I’m still mumbling of swings and roundabouts when the hedge to my right dwindles to nothing, and there the original fence is revealed, complete with signs of repeated repairs. Beyond it the land falls to a steep-sided gulley, dotted with saplings—and a family of deer. Enchanted and grinning, I stop walking and watch. The deer are browsing the early leaves. But it annoys me I can’t name them. Are they red deer or roe? I know they’d not fallow since they only arrived in Britain along with the Romans. No, they must be roe deer, they’re the smaller species. A Great Dane would dwarf these.
Apart from the deer, there’s nothing of note in the valley. No benders, no herders, no domesticated animals—unless the early farmers are deer-herders, which has been mooted. No fences cross the valley. It’s an exquisitely peaceful (pre-)idyllic scene—which I shatter by fishing around for my map. Heads up, hoofs up, the deer scamper away. Deserted, I find the valley on the map, and mark it ‘Roe Deer seen here’.
To my left the dense hedge towers while, to my right, the unclad fence continues. I’m now looking right into the heart of Salisbury Plain (where today heavy tanks and trainee troops more often ‘graze’). I can see beyond the gulley to where the land falls less steeply. Typical of the valleys that divide the Plain, like veins on a leaf, it continues far into the distance. Formed during an Ice Age, though I’m not sure which one; the same glaciations gouged, upturned and tumbled the massive grey sarsen-stones that abound by the Kennet on Marlborough Downs. Incredible, the valley now resembles a Georgian parkland, complete with wide-spreading oaks and hefty beeches, but of no interest to me being devoid of archaeological interest. And still no return of the hedge, though to my left—where there might be settlements—there’s not a hint of a gap to peep through. So much for mapping. But that’s soon to change.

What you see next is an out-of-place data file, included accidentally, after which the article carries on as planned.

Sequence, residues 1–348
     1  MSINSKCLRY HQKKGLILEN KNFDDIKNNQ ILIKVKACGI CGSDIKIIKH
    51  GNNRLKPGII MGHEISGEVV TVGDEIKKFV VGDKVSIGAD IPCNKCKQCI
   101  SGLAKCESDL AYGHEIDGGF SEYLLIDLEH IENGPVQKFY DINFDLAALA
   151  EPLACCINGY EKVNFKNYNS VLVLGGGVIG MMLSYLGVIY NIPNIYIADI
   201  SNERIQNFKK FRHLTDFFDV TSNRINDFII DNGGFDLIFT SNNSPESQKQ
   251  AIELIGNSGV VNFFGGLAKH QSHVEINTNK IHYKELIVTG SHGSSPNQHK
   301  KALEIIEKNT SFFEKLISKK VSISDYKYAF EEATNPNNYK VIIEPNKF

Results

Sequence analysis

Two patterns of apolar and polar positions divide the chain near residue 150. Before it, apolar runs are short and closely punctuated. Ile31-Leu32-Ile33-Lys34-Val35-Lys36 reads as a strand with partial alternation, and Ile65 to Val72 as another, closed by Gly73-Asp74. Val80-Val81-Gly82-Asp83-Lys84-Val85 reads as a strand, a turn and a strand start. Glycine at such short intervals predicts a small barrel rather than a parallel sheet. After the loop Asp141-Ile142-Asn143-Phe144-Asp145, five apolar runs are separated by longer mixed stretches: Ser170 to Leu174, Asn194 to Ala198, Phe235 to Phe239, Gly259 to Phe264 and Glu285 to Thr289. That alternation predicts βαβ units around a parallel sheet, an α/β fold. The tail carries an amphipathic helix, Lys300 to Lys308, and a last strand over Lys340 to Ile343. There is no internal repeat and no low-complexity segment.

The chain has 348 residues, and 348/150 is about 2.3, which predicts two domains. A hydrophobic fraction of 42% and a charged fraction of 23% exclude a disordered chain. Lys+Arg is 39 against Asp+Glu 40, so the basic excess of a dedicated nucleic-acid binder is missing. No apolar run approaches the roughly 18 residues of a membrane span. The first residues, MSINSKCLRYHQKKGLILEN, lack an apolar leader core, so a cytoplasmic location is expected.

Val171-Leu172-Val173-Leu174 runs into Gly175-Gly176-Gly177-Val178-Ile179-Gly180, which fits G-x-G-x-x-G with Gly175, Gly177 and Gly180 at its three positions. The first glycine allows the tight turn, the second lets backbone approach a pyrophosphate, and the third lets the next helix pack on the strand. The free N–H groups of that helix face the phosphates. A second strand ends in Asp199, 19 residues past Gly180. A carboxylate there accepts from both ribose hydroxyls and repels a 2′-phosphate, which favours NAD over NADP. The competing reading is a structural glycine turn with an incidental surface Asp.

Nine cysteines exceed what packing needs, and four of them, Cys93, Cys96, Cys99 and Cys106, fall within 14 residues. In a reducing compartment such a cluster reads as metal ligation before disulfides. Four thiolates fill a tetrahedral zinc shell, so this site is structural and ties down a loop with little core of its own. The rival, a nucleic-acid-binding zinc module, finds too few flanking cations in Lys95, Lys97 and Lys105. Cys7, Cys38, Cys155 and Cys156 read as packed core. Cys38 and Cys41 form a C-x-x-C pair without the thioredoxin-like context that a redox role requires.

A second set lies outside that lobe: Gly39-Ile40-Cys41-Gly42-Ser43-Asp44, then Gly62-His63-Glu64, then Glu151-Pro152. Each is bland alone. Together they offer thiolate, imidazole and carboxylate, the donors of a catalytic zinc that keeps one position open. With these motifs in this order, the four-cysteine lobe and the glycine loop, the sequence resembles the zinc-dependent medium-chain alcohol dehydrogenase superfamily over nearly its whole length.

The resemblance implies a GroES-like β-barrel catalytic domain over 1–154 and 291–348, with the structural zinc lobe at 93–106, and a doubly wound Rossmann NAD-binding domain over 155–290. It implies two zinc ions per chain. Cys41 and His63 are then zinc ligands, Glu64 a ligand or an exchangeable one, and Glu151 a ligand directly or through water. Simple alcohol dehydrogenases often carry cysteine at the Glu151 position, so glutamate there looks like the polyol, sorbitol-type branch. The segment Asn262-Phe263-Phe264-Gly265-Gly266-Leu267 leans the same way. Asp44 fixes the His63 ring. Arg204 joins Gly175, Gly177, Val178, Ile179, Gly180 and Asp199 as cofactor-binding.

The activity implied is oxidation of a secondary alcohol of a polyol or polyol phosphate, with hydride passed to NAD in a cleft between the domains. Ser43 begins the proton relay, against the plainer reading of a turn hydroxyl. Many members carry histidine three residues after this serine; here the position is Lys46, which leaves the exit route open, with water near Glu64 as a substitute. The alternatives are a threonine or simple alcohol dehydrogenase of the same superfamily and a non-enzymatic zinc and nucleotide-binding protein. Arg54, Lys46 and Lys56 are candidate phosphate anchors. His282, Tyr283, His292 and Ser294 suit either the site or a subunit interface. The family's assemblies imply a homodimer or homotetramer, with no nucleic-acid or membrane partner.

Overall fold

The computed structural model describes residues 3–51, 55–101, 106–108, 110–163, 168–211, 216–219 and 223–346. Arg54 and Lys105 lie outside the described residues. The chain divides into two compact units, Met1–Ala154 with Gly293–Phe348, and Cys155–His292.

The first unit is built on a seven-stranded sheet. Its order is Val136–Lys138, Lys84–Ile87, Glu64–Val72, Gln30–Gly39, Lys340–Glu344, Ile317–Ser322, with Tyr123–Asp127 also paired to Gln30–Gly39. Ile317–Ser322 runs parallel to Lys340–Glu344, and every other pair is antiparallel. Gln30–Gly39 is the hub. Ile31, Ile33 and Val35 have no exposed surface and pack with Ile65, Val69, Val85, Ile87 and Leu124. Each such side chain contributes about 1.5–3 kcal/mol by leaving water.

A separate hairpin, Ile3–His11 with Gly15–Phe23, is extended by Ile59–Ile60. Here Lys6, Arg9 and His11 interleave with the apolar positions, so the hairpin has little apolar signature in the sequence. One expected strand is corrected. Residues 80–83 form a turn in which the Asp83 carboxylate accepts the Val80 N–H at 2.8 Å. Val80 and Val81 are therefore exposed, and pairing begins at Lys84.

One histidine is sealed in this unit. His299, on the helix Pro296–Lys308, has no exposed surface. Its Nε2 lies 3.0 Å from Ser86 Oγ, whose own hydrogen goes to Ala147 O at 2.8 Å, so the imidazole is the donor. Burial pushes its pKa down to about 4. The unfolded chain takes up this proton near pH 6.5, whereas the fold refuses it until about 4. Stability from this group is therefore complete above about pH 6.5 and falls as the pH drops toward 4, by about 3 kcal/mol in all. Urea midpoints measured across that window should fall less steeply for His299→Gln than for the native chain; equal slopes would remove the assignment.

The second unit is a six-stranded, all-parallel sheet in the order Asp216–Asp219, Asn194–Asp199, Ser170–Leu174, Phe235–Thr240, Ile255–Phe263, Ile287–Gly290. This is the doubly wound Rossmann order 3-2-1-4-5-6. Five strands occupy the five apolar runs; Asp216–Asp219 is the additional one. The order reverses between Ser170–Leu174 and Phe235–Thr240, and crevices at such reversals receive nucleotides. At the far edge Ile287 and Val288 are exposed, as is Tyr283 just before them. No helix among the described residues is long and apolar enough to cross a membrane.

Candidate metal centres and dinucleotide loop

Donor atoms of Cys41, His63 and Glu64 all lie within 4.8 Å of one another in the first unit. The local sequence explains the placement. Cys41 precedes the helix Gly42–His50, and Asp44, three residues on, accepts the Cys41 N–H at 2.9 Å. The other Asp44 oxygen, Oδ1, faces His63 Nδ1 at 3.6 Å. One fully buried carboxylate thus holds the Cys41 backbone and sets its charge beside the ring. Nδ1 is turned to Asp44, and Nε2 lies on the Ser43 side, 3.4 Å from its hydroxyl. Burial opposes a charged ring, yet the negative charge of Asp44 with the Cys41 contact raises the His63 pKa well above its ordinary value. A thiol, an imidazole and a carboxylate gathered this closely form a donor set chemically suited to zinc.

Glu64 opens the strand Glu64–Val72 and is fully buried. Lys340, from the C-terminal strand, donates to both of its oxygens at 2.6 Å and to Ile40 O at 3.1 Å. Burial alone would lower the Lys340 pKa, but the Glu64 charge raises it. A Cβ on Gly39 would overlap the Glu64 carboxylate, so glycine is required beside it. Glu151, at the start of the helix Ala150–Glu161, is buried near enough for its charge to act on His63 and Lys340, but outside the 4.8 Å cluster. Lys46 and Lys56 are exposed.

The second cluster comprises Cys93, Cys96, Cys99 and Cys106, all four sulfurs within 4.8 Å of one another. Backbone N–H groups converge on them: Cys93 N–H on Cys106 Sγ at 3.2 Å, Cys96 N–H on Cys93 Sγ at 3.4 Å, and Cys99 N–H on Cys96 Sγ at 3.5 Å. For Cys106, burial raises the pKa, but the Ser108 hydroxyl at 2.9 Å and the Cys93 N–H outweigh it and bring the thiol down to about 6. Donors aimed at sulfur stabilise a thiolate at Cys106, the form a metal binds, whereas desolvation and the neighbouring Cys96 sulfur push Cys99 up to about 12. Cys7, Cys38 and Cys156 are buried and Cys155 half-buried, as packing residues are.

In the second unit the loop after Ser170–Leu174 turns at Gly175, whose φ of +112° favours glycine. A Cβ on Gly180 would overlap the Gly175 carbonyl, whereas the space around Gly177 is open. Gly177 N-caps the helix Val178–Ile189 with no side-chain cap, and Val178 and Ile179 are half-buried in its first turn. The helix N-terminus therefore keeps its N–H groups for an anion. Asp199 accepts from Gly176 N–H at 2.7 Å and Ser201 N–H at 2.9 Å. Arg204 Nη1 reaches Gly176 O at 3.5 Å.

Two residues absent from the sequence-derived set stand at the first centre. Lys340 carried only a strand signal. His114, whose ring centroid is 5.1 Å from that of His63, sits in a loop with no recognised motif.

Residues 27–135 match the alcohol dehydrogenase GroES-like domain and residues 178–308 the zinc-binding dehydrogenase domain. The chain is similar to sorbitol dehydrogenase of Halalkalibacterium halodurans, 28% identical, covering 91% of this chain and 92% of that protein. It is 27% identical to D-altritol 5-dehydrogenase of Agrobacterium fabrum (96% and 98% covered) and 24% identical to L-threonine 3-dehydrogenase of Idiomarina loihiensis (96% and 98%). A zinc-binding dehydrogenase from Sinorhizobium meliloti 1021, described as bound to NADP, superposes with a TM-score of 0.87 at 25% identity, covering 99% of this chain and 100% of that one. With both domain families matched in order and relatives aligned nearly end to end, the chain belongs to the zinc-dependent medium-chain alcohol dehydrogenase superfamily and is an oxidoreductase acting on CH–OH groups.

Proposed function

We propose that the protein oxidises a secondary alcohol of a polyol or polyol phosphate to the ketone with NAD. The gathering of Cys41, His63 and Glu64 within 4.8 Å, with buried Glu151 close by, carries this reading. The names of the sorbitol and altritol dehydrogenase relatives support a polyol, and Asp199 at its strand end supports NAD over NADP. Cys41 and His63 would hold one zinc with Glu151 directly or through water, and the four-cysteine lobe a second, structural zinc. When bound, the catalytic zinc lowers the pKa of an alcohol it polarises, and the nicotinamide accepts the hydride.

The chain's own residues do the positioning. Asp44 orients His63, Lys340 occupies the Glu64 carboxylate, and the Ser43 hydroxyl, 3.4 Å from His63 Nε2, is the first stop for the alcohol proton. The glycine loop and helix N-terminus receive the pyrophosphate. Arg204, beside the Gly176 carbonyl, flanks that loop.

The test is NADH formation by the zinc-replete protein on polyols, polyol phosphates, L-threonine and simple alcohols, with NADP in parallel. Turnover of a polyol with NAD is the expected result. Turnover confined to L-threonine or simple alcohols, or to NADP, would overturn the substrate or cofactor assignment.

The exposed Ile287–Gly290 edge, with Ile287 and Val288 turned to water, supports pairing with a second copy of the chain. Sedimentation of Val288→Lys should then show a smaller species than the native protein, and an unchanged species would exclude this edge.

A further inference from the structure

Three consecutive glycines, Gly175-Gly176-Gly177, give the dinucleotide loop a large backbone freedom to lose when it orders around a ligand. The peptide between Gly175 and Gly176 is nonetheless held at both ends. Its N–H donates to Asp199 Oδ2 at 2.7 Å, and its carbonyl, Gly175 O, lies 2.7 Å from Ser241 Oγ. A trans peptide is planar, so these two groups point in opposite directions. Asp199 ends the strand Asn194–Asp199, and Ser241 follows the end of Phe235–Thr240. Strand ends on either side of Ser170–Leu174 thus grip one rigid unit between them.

I’m walking along a flattish hilltop when, ahead, there’s a feature that, at first, makes me laugh. It’s like the Neolithic equivalent of a ‘roundabout’ at the junction of three fenced paths. Only instead of a central island, primly grassed or put to flowering plants, here there’s a chalky-shelled long barrow. Okay, so it’s sparsely covered in low-growing greenery, and it’s not so outstandingly long and not high-mounded. West Kennet Long Barrow, when new, would have dwarfed it. Even so, it’s perhaps (being generous) around 90 feet long, and easily 6 feet high. The ever-present fences fall back a respectful distance to allow the monument to stand uncluttered, alone.
I can see why the barrow-builders picked this spot. Looking at the map—a sneaky way to see beyond hedges—it’s not only the fences that here pull back. On all three faces, to west, south and northeast, the land drops steeply. It’s only to the east that the ridge continues where, much narrowed, to gently descend. The fenced path follows it down. Almost straight, it directs the eye to a distant hilltop, across the river where, at dawn at a certain season the builders would have the sun emerging. That season was spring, early, around Easter. The third path follows a gulley down to the west before sharply turning to south.
I now have to make a decision—though, in truth, it’s really no contest. Which of these two paths should I take? I’ve a feeling both will take me to Durrington Walls. But while one will almost certainly lead me through uninhabited terrain, the other (tracking east) will take me down to the river, and that’s where I’ll most likely find the settlements that, thanks to Ken, I’m supposed to be mapping.